The Memphis Argus of Oct. 27th, [Tuesday] says: We learn from a gentleman recently arrived from the vicinity, that during the last week [12th-18th] a company of guerrillas entered the region of country on the Tennessee side, back and west of Fort Pillow and Island 37 for the purpose of conscripting citizens. They commenced work and although the citizens dodged them as much as they could, in a day or two Captain Mason, the leader of the guerrillas, succeeded in securing six or seven citizens of respectability, taking them from their residences without even allowing them time to provide for their families.

Matters took a turn, however, for which the conscripting gentry were entirely unprepared. A number of citizens had formed themselves into a company, with such arms as could be obtained, for the purpose of resisting the conscription. The proximity of the guerrillas was the signal for an assemblage of all who could reach the rendezvous, and it was resolved among them to attack the conscriptors at some favorable point, run them out of the country, if possible, and rescue any of their neighbors who had been so unfortunate as to be caught.

The citizens discovered the route of the guerrillas designed taking on their exit from the neighborhood, and lay in wait for them. The company, closely guarding the conscripts, made their appearance in due time, on Friday [16th] or Saturday [17th] last, and at a point where attack was least expected (for opposition in their irruption was anticipated) the were startled by a volley from some bushes by the roadside, and the sudden appearance of a large number of men with arms in their hands.

Two or three of the guerrillas fell, and one or two others were wounded. Those who were unharmed or slightly injured, put spurs to their horses and were soon beyond the reach of bullets. In their excitement, they quite overlooked the conscripts, who, overjoyed at their deliverance, at once rejoined their friends, and all returned to the neighborhood together.

Nashville Daily Press, November 6, 1863.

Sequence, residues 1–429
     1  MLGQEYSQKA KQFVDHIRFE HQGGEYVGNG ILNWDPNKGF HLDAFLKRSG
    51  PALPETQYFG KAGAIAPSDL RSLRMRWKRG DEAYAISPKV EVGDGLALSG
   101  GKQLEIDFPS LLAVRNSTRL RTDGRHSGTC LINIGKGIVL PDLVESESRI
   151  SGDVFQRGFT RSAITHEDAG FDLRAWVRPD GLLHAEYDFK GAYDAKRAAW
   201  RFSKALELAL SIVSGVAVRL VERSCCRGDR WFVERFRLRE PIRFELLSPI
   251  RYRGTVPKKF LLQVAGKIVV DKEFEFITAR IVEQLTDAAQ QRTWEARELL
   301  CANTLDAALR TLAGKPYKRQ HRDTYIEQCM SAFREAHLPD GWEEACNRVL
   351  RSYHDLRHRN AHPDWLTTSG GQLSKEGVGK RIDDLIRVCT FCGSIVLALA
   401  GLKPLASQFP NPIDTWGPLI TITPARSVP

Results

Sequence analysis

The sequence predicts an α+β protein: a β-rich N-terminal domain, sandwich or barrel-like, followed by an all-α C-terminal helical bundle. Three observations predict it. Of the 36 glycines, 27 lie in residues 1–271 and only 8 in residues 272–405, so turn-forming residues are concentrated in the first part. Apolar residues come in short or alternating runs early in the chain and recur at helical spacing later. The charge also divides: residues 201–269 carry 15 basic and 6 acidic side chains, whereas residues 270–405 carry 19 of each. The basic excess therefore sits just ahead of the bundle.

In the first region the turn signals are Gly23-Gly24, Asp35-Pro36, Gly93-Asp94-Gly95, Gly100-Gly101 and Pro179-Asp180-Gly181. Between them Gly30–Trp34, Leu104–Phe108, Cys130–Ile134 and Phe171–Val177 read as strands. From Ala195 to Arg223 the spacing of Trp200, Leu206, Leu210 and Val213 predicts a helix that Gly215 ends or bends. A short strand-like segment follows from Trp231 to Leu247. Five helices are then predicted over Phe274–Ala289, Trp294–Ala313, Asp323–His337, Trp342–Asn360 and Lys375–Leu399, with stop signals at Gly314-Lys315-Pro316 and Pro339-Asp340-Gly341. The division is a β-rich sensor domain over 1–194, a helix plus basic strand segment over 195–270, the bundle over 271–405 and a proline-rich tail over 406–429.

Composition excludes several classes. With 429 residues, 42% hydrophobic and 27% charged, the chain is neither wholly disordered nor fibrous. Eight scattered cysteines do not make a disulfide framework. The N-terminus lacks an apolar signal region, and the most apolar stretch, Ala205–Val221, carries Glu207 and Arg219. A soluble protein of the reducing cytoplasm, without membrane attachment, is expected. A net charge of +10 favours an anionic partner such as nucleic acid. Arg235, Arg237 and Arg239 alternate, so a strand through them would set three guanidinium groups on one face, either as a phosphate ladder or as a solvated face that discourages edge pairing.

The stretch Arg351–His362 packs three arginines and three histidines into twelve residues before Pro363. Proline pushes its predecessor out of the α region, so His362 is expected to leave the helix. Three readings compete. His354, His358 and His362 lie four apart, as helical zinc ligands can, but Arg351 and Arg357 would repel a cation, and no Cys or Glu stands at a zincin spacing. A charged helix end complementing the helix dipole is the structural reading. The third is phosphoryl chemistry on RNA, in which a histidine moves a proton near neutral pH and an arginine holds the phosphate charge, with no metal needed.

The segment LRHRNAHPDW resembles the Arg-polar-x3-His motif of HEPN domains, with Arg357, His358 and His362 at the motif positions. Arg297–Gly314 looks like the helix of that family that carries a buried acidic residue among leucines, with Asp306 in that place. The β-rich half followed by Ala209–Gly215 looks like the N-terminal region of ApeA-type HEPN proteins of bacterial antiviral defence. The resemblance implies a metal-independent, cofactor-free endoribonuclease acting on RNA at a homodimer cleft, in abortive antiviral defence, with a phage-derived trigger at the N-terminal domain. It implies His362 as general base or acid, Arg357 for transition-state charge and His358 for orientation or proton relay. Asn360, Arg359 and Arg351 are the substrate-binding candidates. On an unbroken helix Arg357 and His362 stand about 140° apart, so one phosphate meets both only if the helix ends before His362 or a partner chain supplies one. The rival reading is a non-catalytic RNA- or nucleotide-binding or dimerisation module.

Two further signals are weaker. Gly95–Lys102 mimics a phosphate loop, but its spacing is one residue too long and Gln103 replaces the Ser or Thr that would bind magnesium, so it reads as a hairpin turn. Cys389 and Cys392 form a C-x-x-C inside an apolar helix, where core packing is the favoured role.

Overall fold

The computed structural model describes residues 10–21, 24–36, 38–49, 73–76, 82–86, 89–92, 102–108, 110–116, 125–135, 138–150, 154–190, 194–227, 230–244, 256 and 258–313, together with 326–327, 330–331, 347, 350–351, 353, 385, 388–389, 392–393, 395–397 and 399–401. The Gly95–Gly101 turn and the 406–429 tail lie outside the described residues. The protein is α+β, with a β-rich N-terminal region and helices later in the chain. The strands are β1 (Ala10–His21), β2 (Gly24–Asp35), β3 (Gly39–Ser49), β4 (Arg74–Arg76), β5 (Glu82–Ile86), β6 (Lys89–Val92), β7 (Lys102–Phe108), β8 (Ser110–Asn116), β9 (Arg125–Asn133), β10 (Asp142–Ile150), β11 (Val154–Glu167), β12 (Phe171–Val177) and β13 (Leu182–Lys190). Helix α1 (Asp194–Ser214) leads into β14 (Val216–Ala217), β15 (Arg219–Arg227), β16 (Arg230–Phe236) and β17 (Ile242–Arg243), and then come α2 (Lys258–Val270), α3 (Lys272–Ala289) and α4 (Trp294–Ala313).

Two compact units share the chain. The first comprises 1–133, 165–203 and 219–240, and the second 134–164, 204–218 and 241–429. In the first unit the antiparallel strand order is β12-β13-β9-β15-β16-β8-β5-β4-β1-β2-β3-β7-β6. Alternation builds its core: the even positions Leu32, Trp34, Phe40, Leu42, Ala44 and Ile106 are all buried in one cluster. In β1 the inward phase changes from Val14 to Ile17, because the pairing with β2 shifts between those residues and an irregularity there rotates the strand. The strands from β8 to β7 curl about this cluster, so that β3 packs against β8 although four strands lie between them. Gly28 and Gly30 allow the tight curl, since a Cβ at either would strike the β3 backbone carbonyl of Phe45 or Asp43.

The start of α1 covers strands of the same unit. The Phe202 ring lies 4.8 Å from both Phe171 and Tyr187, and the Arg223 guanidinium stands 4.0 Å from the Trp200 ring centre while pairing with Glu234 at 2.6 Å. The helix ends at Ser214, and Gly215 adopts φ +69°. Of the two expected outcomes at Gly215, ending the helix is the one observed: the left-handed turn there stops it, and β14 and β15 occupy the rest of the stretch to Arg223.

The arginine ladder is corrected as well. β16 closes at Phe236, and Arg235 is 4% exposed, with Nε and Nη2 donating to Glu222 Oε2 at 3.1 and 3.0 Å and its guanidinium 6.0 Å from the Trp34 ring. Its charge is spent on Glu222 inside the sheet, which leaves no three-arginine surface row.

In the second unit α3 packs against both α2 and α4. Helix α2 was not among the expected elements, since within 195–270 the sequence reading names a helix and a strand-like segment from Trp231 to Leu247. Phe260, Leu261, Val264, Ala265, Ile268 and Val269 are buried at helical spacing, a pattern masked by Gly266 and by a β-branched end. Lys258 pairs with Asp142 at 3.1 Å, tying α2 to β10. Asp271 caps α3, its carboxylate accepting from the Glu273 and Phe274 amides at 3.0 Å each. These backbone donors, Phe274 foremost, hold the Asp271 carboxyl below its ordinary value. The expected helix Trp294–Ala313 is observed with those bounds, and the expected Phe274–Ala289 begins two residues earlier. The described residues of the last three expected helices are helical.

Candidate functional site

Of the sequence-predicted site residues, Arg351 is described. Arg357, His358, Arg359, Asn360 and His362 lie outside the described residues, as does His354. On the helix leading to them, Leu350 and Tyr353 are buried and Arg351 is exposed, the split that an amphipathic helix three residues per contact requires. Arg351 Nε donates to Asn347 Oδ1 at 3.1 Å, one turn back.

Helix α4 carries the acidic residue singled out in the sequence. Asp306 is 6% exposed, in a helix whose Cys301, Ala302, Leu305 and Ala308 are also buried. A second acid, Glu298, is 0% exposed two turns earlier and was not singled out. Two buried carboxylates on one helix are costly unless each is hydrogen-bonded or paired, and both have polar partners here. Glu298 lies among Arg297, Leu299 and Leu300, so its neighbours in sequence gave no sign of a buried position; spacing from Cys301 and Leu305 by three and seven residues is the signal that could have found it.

16, "Whom Do You Serve?" Episcopalian disloyalty to the Union in Memphis

Editor Bulletin;

The history of Calvary Church and its pastor, Dr. White, since the beginning of the rebellion is familiar to our old citizens. A brief review is here given, for the information of those who have come here since the Federal occupation of the city:

Two and a half years ago the vestry and many of the members insisted on the mutilation of the services, and ordered the preacher to pray for Jeff. Davis, called "President of the Southern Confederacy."

Dr. White yielded to the pressure and omitted the prayer for the President of the United States, and by order of Bishop Otey, substituted another for the President of the Confederacy. For this course there may be some mitigation, for a man's religion is not always regulated by the Higher Law; mobs and devils incarnate often teach men how to pray. When the National army approached, and the rebel troops fled from Memphis, they carried with them Dr. White's rebellious prayer, and from that time forth it is doubtful whether the Lord has heard of Master Jeff. from Memphis.

The Reverend Doctor made fine speeches, using soft words to turn away strife, and indulged in fair promises, but was very careful never to "talk turkey" to Uncle Sam. He has been promising "yet a few days and I will use the prayer for the President," for the last ten months, alleging that all this members, save only a few "silly-minded old women" were willing to restore the true Episcopal form of worship; "these old women," however have been a terrible stumbling-block in the way of this man of fine promises, until his words have become idle and unworthy of consideration, for he is, "all things to all men."

The omission of the prayer for the President is a marked insult to the United States authorities, and to every loyal member of the Church; and it is so considered and intended by the secession members, when the pastor serves.

For more than a year the Union men have patiently tolerated the insult. They now demand a change; and if it be necessary in order to secure loyalty in the pulpit, that both preaching and praying must be changed, be it so.

A Member of Calvary Church

Memphis, Oct. 15

Memphis Bulletin, October 16, 1863.

        16, Description of Chattanooga Under Federal Control

[Army Correspondence of the Mobile Adv. & Reg[iment].]

Letter from Tennessee.

Army of Chattanooga, Oct. 16.

…Only three or four hundred of the citizens remain in the town [Chattanooga], including a few ladies, all of whom are much restricted in their movements, and liable to arrest for appearing within the vicinity of the fortifications. Some are in a state of destitution, owing to the consumption of supplies, and are compelled to depend for subsistence upon the Federal commissariat. Chattanooga is almost unrecognizable, houses being desecrated and property generally ruined….

Savannah [Georgia] Republican, October 28, 1863.[3]


[1] Fergusson is probably describing the Belmont Mansion in Nashville.

[2] Meaning unknown

[3] As cited in:

James B. Jones, Jr.

Public Historian

Tennessee Historical Commission

2941 Lebanon Road

Nashville, TN  37214

(615)-770-1090 ext. 123456

(615)-532-1549  FAX